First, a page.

*Please note: These descriptions and FAQs are based on generalizations from past studies. Each study has its own qualifications, rules, consent, and other factors that can vary any part of the process. If you would like more specifics on our studies, please feel free to ask our Recruiting Team, nurses, or doctors any questions you may have. Just give us a call at 913-825-4400.
Can I participate?
Each study varies its qualifications, but typically a healthy volunteer falls within these guidelines:
A medical history without significant health issues
Healthy lifestyle habits including no/light use of alcohol and drugs
A healthy weight – this is determined by your BMI (Body Mass Index), a measurement of your weight of fat vs. muscle. A healthy BMI ranges from 18 – 35
*Please Note: Each study varies its qualifications. Please call our Recruiting Team at 913-825-4400 to see if you qualify for any of our current studies.
What is a vaccine?
Imagine your body is a boxing ring with the champion being your immune system. Any time a challenger (or in this case a bacteria or virus) tries to invade the ring, your immune system has to fight it off.
A vaccine is a training partner. It mimics the germ, pathogen, etc. that causes the disease, and trains your body to beat it without ever having to come into contact with the actual germ. Now in the future if you ever come into contact with that disease-causing pathogen, your body will be able to attack it, thanks to the training from the vaccine.
For more information on vaccines, please visit the World Health Organization’s website.
What’s BMI? And how do I calculate it?
BMI stands for Body Mass Index and is a way to relatively measure a person’s size by his/her height and weight. For adults 20 years of age and older, BMI is determined by standard weight status categories that are the same for all ages and both sexes. Children from the ages 2-20 have BMI standards that are categorized by age and gender.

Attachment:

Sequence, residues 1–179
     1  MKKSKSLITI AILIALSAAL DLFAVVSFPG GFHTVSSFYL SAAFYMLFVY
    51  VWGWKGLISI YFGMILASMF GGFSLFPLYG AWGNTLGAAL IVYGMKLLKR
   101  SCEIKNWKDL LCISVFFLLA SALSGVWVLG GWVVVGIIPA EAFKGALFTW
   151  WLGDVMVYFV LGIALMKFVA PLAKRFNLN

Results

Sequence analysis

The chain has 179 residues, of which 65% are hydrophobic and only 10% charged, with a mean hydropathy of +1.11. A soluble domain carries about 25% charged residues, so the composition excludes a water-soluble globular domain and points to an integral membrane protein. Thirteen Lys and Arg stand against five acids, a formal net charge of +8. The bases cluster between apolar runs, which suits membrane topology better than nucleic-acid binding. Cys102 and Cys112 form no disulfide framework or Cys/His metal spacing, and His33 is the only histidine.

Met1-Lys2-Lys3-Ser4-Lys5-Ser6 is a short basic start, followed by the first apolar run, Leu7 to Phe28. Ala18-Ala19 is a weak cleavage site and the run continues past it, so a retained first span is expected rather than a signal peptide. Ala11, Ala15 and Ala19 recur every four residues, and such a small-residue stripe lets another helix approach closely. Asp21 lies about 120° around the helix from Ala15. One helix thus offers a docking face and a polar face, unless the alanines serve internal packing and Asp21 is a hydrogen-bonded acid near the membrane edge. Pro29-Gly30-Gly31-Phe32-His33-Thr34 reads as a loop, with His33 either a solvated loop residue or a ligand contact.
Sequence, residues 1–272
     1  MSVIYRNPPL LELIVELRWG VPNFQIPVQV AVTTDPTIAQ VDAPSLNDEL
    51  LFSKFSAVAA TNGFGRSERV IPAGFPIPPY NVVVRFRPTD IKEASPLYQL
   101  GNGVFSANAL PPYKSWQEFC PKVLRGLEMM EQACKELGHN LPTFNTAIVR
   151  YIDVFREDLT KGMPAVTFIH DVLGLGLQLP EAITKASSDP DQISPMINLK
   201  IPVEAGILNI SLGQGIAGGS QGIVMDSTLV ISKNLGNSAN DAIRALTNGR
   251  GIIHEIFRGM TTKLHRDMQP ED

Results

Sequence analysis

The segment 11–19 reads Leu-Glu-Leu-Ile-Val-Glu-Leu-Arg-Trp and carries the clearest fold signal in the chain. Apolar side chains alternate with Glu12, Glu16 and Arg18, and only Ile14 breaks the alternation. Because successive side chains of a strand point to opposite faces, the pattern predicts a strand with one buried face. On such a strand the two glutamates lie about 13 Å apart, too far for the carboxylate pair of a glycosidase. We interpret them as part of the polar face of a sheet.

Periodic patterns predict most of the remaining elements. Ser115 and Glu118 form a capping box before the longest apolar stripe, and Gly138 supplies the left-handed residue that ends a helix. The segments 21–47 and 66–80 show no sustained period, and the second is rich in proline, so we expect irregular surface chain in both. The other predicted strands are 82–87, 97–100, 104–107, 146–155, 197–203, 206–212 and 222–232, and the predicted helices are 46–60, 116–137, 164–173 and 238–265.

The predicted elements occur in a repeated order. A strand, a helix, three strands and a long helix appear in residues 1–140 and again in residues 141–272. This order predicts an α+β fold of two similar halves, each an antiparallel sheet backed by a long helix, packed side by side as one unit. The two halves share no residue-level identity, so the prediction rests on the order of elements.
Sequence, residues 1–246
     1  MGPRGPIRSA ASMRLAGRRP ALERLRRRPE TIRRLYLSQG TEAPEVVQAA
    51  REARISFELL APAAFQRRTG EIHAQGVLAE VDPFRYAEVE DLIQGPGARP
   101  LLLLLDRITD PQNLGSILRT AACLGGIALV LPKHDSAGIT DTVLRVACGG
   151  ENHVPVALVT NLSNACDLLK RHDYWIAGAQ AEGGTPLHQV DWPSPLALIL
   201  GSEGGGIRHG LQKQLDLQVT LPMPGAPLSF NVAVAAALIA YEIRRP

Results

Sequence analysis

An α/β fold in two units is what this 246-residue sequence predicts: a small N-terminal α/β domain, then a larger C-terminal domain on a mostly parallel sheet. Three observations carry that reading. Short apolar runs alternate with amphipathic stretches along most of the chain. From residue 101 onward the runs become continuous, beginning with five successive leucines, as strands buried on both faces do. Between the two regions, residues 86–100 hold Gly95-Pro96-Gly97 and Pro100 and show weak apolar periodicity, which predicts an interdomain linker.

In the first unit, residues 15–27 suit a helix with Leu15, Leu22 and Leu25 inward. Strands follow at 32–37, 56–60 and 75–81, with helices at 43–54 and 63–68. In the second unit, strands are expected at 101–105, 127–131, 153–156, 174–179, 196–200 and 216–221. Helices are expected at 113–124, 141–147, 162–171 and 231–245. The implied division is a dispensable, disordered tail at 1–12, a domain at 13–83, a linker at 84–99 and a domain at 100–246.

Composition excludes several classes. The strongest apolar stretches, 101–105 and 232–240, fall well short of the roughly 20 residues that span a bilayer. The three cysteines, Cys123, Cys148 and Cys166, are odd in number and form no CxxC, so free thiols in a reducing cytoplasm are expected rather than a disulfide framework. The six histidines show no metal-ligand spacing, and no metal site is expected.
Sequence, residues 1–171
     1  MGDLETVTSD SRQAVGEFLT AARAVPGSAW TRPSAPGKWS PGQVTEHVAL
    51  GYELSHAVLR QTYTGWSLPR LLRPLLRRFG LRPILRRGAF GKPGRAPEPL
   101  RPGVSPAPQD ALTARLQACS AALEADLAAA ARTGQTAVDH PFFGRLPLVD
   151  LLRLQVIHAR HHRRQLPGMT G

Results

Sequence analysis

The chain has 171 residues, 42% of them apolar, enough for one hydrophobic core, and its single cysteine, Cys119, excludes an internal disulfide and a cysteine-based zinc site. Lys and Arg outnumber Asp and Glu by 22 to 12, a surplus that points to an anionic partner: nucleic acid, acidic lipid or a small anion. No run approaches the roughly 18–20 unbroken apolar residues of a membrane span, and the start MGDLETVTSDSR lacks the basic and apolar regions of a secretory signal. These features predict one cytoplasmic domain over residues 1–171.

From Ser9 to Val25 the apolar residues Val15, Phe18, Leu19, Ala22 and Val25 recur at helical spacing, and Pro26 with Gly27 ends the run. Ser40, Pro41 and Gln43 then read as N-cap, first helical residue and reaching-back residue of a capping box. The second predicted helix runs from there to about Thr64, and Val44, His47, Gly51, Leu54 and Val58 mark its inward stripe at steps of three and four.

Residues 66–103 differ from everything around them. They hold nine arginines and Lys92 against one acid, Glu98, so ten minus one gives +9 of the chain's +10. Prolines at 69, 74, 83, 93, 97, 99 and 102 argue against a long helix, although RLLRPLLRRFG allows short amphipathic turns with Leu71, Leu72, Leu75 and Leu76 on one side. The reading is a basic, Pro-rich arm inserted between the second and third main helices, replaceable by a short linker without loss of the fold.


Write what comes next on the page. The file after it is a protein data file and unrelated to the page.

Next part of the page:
You can calculate your BMI here using the National Heart, Lung, and Blood Institute’s BMI calculator.
Why is there a pre-screening phone call?
Before participating in our studies, our Recruiting Team will speak with you over the phone to discuss our current studies and their various requirements. They will then ask you a series of questions to determine if you meet the qualifications for our current studies. If not, they can record your information and contact you the next time we have a study that you qualify for.
If you do qualify, our recruiters will then schedule your appointment for your screening visit. This is also a great time to ask them questions about the study, our facility, or any concerns you may have.
What is a screening visit?
A screening visit is your first visit here at our facility and takes roughly 2 hours. You will be presented with paperwork to fill out for us. After that, you will be given a consent form to read over, and one of our nurses will go over the details of the form with you. This is the perfect time to ask any questions you have about the study and how participating in the study will affect you. Our nurses will also go over your medical history and take your vitals.
The next step is you will have a physical with one of our doctors. If our doctor deems you healthy enough for the study, you will then see our phlebotomist for a blood draw.
We recommend you take these steps to prepare for your screening visit:
The night before:
The morning of:
What are the benefits of volunteering?
There are several personal benefits you’ll receive for participating in our studies. We do compensate you for your time and travel, and the amount varies depending on the study. We also offer snacks and drinks while you are at our facility. You also receive the benefit of a free physical during your screening visit.